One can only understand an issue, in its comprehensiveness, by looking at the whole picture; for parts are merely deceptive. Pakistan’s political leadership after the death of Quaid-i-Azam failed to grasp what ailed the country. We went adrift, failing to determine the strategic goals of the new born state and could not set national priorities to be achieved within a given timeframe. For the past 60 years, our national leadership just groped in the dark. Pakistan could not evolve a constitution till 1973 after attaining independence in 1947. For 26 years, this nation wandered in wilderness and in the process we lost our eastern wing. Even then neither the leadership nor the people learnt any lesson. The present gathering storm enveloping our national life reflects a desperate state of affairs in which the citizenry is yearning for peace in the face of the government’s failure to provide security.

Whereas change is the key to progress we keep rigidly following the colonial pattern in all our affairs without reforming domestic or foreign policy. Against the dictates of commonsense we endlessly repeat our follies. It seems the same old 100-odd families are set to enter the parliament and provincial assemblies after the general elections. The same political parties who have been tried and test continue to wield power; they are out to establish their dynastic rule. The election commission is doing its best to implement the code of conduct for the elections whose success lies in the maintenance of peace before and during the election period.

All eyes are set on the armed forces to assist in the maintenance of internal peace and safeguarding Pakistan’s eastern and western borders which are both under threat for the first time in our history. The army has recently changed its military doctrine underlining internal security. The recent terrorist attacks in Quetta and Karachi, the latest Lahore (Badami Bagh) inferno, the menace of terrorism coupled with drone attacks highlights the state of security in the country. The Supreme Court has warned that the law enforcing agencies including the police and the rangers, have failed to enforce law and order. This implies failure of the government which must do something to the conduct of polls in a peaceful environment. This would be a big challenge for the caretaker government. The choice of the new caretaker Prime Minister although only for two months or so is of great importance because of the need for holding timely and free, fair and transparent elections. This will have a great impact on the future shape of the representative government that one would very much wish turns out to be of the people, for the people and by the people.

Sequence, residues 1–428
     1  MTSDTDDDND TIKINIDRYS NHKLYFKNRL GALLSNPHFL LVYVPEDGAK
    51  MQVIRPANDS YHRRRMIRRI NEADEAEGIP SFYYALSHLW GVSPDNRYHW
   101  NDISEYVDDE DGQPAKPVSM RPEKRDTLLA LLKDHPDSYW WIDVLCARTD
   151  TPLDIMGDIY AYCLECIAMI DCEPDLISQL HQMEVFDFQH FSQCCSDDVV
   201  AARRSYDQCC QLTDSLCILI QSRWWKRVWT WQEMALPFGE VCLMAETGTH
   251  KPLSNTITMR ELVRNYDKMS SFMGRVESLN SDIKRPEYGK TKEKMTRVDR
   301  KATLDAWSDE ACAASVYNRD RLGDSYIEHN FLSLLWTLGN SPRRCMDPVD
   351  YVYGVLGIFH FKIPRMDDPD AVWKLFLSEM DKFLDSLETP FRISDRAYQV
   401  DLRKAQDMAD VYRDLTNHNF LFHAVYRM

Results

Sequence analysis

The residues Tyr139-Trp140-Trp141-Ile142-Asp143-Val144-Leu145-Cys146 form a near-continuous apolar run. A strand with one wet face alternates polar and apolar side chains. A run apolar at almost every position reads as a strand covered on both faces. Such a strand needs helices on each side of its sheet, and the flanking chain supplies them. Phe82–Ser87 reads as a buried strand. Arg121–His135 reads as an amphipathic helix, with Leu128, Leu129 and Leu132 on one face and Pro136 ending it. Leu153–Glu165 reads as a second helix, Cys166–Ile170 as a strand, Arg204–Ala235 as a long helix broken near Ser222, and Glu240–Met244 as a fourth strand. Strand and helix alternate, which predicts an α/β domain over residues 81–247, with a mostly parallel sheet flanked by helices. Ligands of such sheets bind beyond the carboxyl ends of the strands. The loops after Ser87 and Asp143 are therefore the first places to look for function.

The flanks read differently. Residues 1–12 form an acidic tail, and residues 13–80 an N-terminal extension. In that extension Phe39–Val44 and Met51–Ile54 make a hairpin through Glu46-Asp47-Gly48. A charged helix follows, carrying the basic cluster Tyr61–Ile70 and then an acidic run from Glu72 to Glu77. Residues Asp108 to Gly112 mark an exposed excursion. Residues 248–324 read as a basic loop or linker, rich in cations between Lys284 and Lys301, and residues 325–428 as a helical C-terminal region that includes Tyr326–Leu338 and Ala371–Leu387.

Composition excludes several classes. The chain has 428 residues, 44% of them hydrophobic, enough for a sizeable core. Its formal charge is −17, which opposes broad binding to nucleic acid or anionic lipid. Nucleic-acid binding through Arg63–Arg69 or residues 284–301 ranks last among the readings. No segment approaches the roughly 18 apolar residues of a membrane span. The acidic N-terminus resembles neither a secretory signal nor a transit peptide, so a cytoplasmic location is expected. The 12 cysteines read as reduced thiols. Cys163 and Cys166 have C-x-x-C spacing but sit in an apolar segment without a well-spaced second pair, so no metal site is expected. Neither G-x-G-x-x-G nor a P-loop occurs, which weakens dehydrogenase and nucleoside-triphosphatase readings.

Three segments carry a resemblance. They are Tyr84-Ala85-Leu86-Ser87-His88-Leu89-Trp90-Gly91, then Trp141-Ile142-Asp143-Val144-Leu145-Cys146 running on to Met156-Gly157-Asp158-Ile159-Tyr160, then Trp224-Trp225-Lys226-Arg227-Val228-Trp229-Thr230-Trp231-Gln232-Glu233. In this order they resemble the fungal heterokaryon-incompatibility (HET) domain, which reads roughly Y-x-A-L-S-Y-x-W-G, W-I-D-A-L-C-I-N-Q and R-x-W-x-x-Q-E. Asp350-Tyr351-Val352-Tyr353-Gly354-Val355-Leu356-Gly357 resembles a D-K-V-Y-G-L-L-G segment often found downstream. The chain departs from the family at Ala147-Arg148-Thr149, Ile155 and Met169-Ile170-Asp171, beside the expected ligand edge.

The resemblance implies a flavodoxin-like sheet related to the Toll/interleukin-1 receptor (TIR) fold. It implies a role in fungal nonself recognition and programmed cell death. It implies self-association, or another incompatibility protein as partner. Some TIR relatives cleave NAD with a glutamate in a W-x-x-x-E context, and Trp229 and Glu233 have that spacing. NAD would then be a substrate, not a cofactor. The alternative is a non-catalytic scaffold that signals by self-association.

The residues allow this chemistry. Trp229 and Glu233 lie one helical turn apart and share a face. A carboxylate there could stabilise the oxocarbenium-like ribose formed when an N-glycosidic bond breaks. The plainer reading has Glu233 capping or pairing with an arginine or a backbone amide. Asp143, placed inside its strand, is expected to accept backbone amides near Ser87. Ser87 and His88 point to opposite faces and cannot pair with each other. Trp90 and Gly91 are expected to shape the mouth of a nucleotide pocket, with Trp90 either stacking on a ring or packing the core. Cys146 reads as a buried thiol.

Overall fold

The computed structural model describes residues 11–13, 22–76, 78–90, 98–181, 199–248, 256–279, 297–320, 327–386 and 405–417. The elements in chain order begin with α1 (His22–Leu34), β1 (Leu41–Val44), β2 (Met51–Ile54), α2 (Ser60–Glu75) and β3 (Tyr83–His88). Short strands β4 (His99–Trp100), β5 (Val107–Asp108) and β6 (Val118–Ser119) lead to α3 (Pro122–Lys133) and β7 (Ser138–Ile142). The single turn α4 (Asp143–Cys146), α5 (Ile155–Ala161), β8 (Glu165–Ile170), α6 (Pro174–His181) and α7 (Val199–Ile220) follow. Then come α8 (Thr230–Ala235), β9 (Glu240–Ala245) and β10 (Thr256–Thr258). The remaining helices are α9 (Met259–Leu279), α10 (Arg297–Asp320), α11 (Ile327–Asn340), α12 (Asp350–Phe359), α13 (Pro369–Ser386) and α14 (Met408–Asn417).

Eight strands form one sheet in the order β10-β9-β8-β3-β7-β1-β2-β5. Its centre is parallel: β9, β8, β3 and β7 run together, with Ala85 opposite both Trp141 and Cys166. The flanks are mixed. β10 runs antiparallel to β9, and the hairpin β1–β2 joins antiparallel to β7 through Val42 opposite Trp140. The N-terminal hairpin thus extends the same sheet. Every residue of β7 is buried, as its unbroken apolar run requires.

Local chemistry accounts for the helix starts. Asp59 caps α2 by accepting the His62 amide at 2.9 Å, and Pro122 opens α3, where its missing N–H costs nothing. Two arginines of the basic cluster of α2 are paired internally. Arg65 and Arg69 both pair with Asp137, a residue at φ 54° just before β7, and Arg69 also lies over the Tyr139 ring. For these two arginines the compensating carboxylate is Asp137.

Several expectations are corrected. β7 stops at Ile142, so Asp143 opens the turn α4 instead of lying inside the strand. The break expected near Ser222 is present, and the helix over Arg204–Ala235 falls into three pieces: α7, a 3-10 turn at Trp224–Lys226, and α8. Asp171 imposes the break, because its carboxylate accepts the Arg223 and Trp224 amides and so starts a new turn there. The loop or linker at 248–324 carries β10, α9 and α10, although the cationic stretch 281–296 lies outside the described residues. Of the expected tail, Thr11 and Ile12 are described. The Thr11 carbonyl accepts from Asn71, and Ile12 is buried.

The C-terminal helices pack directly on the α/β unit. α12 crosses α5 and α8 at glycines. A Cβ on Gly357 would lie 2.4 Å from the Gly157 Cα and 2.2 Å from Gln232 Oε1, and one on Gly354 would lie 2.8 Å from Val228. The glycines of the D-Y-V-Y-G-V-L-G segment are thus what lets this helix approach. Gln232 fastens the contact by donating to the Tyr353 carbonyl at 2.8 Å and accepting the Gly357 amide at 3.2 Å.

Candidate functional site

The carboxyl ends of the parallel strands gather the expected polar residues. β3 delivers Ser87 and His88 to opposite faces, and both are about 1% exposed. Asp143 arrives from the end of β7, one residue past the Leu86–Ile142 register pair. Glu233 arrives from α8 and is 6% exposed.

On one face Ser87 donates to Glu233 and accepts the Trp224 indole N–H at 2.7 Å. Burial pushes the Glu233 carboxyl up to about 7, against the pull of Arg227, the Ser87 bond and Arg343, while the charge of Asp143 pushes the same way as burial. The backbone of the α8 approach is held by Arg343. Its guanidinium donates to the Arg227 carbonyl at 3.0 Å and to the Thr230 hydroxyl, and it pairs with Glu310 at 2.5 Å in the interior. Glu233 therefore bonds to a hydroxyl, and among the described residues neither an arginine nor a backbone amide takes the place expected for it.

Those concerned with the restoration of law and order should go to the root of the problem. We have so far been casually alluding to foreign hands without pinpointing the sources and have failed to plug the flow of funds and arms into Pakistan for use by terrorists network. This has necessitated a major shift in our security paradigm which is beyond the capacity of the status-quo forces. But an indication of change has come from a quarter least expected to say that US drones have been violating Pakistan’s sovereignty. Ben Emmerson QC the UN’s special rapporteur on counter-terrorism and human rights has made this point. The UN Secretary General Ban Ki Moon ought to take suitable measure against their recurrence by impressing upon the US to stop the practice. Pakistan has done well to go ahead with the Iranian gas pipeline and hand over the Gwadar port to a Chinese company, the moves of great strategic importance in the security paradigm of the region.

The writer is president of the Pakistan National Forum.  Email: